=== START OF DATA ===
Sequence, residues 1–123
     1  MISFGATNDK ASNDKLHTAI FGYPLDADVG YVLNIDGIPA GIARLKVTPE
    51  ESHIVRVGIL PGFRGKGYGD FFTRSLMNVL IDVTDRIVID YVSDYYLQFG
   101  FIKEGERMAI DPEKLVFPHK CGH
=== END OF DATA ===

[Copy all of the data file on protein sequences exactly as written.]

Sequence, residues 1–123
     1  MISFGATNDK ASNDKLHTAI FGYPLDADVG YVLNIDGIPA GIARLKVTPE
    51  ESHIVRVGIL PGFRGKGYGD FFTRSLMNVL IDVTDRIVID YVSDYYLQFG
   101  FIKEGERMAI DPEKLVFPHK CGH